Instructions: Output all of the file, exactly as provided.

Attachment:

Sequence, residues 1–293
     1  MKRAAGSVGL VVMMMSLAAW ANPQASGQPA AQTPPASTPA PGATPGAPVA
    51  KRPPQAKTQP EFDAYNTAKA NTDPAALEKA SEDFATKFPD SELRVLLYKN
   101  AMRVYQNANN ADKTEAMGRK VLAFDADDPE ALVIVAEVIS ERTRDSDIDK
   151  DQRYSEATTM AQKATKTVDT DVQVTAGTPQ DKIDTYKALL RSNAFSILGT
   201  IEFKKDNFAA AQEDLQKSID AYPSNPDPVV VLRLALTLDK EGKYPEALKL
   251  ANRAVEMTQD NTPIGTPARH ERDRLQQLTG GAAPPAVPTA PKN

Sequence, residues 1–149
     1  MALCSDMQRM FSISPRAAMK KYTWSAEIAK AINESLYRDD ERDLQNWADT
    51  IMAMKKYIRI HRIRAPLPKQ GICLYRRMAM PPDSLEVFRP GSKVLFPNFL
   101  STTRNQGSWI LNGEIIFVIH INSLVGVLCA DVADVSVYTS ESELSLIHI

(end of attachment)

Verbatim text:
Sequence, residues 1–293
     1  MKRAAGSVGL VVMMMSLAAW ANPQASGQPA AQTPPASTPA PGATPGAPVA
    51  KRPPQAKTQP EFDAYNTAKA NTDPAALEKA SEDFATKFPD SELRVLLYKN
   101  AMRVYQNANN ADKTEAMGRK VLAFDADDPE ALVIVAEVIS ERTRDSDIDK
   151  DQRYSEATTM AQKATKTVDT DVQVTAGTPQ DKIDTYKALL RSNAFSILGT
   201  IEFKKDNFAA AQEDLQKSID AYPSNPDPVV VLRLALTLDK EGKYPEALKL
   251  ANRAVEMTQD NTPIGTPARH ERDRLQQLTG GAAPPAVPTA PKN

Sequence, residues 1–149
     1  MALCSDMQRM FSISPRAAMK KYTWSAEIAK AINESLYRDD ERDLQNWADT
    51  IMAMKKYIRI HRIRAPLPKQ GICLYRRMAM PPDSLEVFRP GSKVLFPNFL
   101  STTRNQGSWI LNGEIIFVIH INSLVGVLCA DVADVSVYTS ESELSLIHI